Looks like it actually has strategy to it compared to cfv.
I honestly wonder where this idea started up. Quite frankly, it seems the opposite is true (^ ^').
Like, here me out here. Let's assume that the Gauge system and the Counter Blast system are synonymous in function. Since Gauge is constantly loaded turn per turn with no notable drawbacks (actually, Charging Gauge seems to be an outright benefit considering the redraw), it's rather easy to call out not requiring much skill at all, quite frankly, whereas Counter Blasts are directly linked to damage - they are damage. The card advantage generated by CB is inversely proportional to your footing and/or mechanical advantage in a given fight, and especially considering how efficient it is to guard cheaper attacks that could have allowed more CB, it causes a constant strain between gaining CB but taking damage and potentially falling behind, or preserving damage and possibly card advantage without getting CB for a forward push.
'But wait Nacho! Do realize that because of the combination of that very redraw, and due to Buddyfight's leveling mechanics, your deck choices aren't limited or predefined by Grades! Look at all the options I have because of this, it must be an easy way to create strategies!'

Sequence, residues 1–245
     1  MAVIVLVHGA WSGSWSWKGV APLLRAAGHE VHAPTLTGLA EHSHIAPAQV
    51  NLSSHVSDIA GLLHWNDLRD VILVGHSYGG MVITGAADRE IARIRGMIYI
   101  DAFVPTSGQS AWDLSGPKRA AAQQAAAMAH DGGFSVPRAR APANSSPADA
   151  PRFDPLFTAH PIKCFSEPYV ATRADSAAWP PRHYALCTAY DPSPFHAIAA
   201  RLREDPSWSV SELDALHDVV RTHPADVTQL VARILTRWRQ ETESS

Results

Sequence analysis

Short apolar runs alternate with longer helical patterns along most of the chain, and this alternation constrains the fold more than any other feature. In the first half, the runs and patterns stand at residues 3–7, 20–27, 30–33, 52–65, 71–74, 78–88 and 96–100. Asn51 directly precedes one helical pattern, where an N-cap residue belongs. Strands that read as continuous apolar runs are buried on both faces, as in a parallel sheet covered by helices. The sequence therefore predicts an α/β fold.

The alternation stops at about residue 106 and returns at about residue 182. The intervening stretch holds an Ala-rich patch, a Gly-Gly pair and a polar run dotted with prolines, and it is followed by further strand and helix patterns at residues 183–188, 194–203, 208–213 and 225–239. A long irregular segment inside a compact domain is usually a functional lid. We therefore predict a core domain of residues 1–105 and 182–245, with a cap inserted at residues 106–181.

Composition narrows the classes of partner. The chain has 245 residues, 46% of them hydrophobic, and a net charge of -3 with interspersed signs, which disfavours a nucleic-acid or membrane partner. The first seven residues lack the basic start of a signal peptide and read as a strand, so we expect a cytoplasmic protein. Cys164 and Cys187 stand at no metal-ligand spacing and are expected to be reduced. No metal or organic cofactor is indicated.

See, and I'm like 100% people are going to catch onto this upon actually playing the game, but Levels have so much deeper implications than you can first imagine. Think of it like this, if the effectiveness of a given card scales to their levels, wouldn't that mean a single Level 3 unit should be about as valuable as three Level 1s? Okay, so for the exact same value, which of the two is cheaper? Fielding only one powerhouse unit that will probably provide an excellent buffer? Or three individual units that are individually very fragile? I really hope this is obvious to you by the way, but okay! Level 3 units. Easily, this could imply that Level 3s are the greatest means of providing an early game buffer, as their base stats are high and are relatively cheap to maintain. But then...you don't gain the offensive benefits; having units attack together and getting the Critical bonus, or surpassing your field's 3 Levels by placing a Level 2 and Level 1 on the sides and equipping an item to yourself. Okay, so after our Level 3s have done their job as a buffer, we're going to want to set up our offensive capabilities, right? And then crash.